Early Spring heat: Pelton Dam near Madras, April 3, 2000.....91 degrees. See Picture of the area, click here.

MAY---May Day withers: Pelton Dam near Madras, May 6, 1992.... 101 degrees.... Oregon's hottest Mays? 108 degrees, in 1986 at Pelton Dam, and 108 in 1924 in Blitzen (a tiny, now defunct pioneer town in far southeast Oregon which is also among the exclusive class of Arctic King towns of Oregon with 50 below zero, January 21, 1930).

Rose Festival Scorcher just days after very Gloomy Spring 2003---- Portland melting in four days in a row with temperatures well up into the 90s, June 4-7, 2003.

June-- record heat. The village of Blitzen in extreme southeastern Oregon recorded 113 degrees June 28, 1932. For more on Blitzen, see previous paragraph about May records......Within a major town, the June record is probably Medford's mid-June heat wave of 1961, with 109 on June 15 and 107 on June 16--that was a very brutal way to begin a summer (I lived in Medford at the time and still remember my bike tires squishing through nearly molten asphalt on the streets)!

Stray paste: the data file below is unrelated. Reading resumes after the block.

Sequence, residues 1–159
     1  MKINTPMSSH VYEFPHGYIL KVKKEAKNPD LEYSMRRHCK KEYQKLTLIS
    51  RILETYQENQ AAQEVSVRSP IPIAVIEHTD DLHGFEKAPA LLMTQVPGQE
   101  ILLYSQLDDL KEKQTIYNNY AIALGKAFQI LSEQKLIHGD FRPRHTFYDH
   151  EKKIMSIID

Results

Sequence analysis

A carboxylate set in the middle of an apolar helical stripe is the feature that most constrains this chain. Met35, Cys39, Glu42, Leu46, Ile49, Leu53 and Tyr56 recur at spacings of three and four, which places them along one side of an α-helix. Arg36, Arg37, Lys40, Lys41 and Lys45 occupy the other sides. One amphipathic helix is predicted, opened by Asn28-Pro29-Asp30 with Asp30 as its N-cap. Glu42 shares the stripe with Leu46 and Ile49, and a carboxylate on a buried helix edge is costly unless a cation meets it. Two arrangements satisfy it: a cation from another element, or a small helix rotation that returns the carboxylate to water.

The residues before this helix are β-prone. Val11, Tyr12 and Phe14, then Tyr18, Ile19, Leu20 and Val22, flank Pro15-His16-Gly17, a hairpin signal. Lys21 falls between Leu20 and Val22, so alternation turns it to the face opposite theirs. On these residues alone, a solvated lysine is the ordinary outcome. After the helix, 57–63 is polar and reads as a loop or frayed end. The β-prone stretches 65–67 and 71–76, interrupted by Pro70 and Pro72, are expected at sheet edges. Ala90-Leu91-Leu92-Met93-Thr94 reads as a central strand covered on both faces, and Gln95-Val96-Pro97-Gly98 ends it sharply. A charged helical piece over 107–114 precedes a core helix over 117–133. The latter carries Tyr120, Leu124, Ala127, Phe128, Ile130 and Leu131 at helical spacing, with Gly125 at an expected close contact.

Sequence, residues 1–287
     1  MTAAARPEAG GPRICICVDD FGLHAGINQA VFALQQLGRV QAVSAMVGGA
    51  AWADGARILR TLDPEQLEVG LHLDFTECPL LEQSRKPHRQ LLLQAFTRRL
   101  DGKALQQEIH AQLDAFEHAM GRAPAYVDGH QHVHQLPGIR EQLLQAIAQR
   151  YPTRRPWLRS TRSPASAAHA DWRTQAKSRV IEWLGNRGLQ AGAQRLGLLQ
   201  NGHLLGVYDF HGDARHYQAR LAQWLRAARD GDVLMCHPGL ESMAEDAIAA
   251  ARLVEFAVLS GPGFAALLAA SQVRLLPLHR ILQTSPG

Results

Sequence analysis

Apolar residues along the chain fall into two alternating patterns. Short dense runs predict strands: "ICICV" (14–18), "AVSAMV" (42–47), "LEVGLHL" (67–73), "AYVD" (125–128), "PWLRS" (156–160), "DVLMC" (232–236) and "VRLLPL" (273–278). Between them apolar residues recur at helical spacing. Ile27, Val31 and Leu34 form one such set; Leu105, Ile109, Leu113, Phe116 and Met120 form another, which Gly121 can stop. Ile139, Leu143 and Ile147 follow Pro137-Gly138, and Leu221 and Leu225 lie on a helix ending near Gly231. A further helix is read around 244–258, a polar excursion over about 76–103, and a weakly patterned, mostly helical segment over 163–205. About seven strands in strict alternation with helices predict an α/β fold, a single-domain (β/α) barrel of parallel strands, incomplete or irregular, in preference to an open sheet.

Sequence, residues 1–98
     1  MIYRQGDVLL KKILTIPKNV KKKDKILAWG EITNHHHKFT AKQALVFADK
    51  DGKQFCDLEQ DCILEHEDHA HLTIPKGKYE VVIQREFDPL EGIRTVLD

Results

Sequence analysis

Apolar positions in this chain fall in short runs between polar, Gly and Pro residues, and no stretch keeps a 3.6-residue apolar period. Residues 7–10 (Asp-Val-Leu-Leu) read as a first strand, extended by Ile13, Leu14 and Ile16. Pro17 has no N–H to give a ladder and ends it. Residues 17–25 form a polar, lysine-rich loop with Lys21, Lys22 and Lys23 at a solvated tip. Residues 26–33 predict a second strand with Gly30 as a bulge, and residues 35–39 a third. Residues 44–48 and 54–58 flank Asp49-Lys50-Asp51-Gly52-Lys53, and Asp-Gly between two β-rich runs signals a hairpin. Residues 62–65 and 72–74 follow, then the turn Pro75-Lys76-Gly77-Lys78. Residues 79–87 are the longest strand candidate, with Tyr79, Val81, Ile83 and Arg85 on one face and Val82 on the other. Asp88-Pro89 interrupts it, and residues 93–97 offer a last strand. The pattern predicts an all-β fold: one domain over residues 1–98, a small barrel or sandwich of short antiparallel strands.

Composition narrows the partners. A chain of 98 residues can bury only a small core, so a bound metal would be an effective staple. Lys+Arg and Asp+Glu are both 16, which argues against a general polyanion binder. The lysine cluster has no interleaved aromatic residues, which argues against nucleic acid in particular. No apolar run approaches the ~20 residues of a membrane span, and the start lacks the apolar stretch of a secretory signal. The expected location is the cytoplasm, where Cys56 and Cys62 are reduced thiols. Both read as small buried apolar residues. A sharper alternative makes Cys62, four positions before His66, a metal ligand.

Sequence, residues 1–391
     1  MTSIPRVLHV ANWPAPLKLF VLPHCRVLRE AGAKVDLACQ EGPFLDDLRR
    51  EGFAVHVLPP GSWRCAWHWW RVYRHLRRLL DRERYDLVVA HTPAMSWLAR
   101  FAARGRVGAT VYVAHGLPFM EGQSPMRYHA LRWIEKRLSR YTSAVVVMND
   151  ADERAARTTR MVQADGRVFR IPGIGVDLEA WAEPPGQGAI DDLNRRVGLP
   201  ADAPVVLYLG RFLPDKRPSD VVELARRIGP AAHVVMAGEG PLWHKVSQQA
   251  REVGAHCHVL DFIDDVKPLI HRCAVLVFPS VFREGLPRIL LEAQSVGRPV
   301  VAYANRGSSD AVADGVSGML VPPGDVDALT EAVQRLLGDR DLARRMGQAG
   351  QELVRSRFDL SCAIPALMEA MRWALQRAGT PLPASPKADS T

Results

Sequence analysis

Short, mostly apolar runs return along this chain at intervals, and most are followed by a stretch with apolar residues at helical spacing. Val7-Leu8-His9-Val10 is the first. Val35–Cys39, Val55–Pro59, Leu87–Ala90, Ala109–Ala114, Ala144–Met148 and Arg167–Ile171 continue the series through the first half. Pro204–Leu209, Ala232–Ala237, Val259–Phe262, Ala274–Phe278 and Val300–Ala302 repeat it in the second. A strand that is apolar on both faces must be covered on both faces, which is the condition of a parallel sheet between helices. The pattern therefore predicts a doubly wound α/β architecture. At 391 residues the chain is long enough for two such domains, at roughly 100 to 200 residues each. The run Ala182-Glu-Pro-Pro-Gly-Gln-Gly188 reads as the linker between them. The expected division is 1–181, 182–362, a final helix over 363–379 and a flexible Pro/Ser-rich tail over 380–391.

NEVER A TRULY COOL MONTH IN OREGON---There's never been a month in Oregon when you couldn't go somewhere and encounter 80 degree heat!...But such mid-winter warmth can occur in wildly different settings, eg. the all-time record-high for Oregon in January is Fremont in Central Oregon's arid Fort Rock Valley with 82 degrees (January, 1934); however, this tiny place suffers enormous daily ranges of temperature, and it is likely that the day it was 82 it was well below freezing in the morning! -----On the other hand, Oregon's other zone where mid-winter warmth occurs is truly a "Banana Belt." This zone occurs for some 50-60 miles along the remote Southern Oregon Coast; its prime exemplar is the town of Brookings, on the extreme southern Oregon coast, which is blessed with the "The Brookings Effect." This warmth-creating weather mechanism is present year-round, but especially notable during the winter months. Brookings is truly named "Home of Winter Flowers," and the area is a huge producer of Easter Lily bulbs.